Acute appendicitis is one of the most common acute abdominal conditions that need urgent surgical treatment, and meantime acute appendicitis remains the most common cause of the acute abdomen in young adults. Traditionarily the mainstay of treatment is an appendectomy. However, appendicitis can be notoriously difficult to diagnose, and there exists a negative appendectomy rate of 10% - 20% despite the use of preoperative computed tomography (CT) with high sensitivities and specificities. Our article talks about that if Antibiotics-First approach can cure acute appendicitis and avoid appendectomy, it doesn’t increase complications.
As well known, the appendix is an independent organ and has abundant lymphoid tissue. It participates in the body's immune function, cellular and humoral immunity and secretes several digestive enzymes. Its function reaches its peak at the age of 20 to 30 and after falling down rapidly and completely disappears after 60 years old. Some people therefore think that the adults were removed appendix with no effect on body's immune function. There is argument of whether the appendix has an active physiological function or is simply a vestigial organ for a long time. The observation that the appendix appears to have evolved independently of the cecum across many species supports a possible functional role  Bacteria sequestered in the appendix may act as a “safe house”, repopulating the gut with healthy bacteria after massive diarrheal disease. For example, recurrence of Clostridium difficile infection (although not primary infection) is significantly more common among patients with a history of appendectomy than among those with an intact appendix   . Recently, Wei PL and colleagues concluded that an increased risk of new-onset type II diabetes within 3 years after appendectomy was found in patients aged less than 65 years. The risk was highest in men and in those with complicated appendicitis  .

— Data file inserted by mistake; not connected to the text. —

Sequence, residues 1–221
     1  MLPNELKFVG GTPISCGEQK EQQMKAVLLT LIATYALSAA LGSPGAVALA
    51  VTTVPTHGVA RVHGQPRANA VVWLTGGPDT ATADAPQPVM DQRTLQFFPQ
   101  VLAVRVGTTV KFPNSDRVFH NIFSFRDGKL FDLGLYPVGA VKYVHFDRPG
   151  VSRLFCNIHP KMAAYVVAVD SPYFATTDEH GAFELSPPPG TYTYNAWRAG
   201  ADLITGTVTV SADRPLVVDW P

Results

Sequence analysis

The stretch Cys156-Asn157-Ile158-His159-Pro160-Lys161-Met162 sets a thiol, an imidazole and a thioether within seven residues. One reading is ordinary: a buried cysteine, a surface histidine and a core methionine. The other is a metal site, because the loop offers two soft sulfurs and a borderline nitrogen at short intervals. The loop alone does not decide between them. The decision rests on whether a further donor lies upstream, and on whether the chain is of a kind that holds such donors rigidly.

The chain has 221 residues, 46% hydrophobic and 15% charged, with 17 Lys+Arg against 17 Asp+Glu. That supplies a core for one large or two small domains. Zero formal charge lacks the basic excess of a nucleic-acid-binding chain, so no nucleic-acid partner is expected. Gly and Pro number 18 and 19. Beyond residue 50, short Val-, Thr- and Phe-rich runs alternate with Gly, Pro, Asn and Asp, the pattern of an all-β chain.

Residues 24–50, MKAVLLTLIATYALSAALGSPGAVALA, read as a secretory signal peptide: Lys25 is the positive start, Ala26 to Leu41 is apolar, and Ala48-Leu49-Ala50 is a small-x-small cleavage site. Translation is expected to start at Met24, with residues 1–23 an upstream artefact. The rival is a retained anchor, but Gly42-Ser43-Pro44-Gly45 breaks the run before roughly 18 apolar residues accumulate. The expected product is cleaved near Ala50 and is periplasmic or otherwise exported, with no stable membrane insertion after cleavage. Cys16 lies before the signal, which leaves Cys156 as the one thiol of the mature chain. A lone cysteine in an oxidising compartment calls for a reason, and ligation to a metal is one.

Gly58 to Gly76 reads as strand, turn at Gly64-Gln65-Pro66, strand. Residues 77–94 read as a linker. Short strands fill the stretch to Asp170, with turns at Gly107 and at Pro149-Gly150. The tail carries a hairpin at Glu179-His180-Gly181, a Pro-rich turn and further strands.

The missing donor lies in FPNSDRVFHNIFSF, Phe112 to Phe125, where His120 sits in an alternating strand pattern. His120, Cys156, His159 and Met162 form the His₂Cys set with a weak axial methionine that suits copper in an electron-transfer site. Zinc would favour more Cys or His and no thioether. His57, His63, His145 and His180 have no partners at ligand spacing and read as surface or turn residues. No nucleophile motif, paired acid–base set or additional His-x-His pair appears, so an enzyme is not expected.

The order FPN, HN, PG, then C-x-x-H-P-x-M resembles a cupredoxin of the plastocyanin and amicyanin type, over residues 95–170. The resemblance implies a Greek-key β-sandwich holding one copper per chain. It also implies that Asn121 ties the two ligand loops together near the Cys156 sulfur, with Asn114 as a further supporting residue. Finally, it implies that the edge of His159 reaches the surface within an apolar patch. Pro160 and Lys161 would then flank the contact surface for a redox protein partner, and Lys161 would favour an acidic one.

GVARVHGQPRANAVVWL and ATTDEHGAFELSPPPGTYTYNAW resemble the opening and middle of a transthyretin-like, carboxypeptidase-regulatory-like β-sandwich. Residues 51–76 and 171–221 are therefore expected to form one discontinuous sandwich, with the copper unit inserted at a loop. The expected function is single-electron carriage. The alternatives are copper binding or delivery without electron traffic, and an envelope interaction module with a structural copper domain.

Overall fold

Acute appendicitis is one of the most common acute abdominal conditions that need urgent surgical treatment, and meantime acute appendicitis remains the most common cause of the acute abdomen in young adults  . According to epidemiological survey data that approximately 300,000 people undergo appendectomy each year in the United States, with an estimated lifetime incidence of appendicitis that ranges from 7% to 14%   . However, some appendicitis can be notoriously difficult to diagnose, and there exists a negative appendectomy rate of 10% - 20% despite the use of preoperative computed tomography (CT) with high sensitivities and specificities      . In addition, as with all operations, postoperative complications exist, including wound infections, intra-abdominal abscesses, ileus and, in the longer term, adhesions. It is worth considering that the mainstay of treatment for other intra-abdominal inflammatory processes, such as diverticulitis, consists initially of conservative management with antibiotics  . We presume that antibiotic-first strategy maybe is one of the alternative treatment of appendectomy.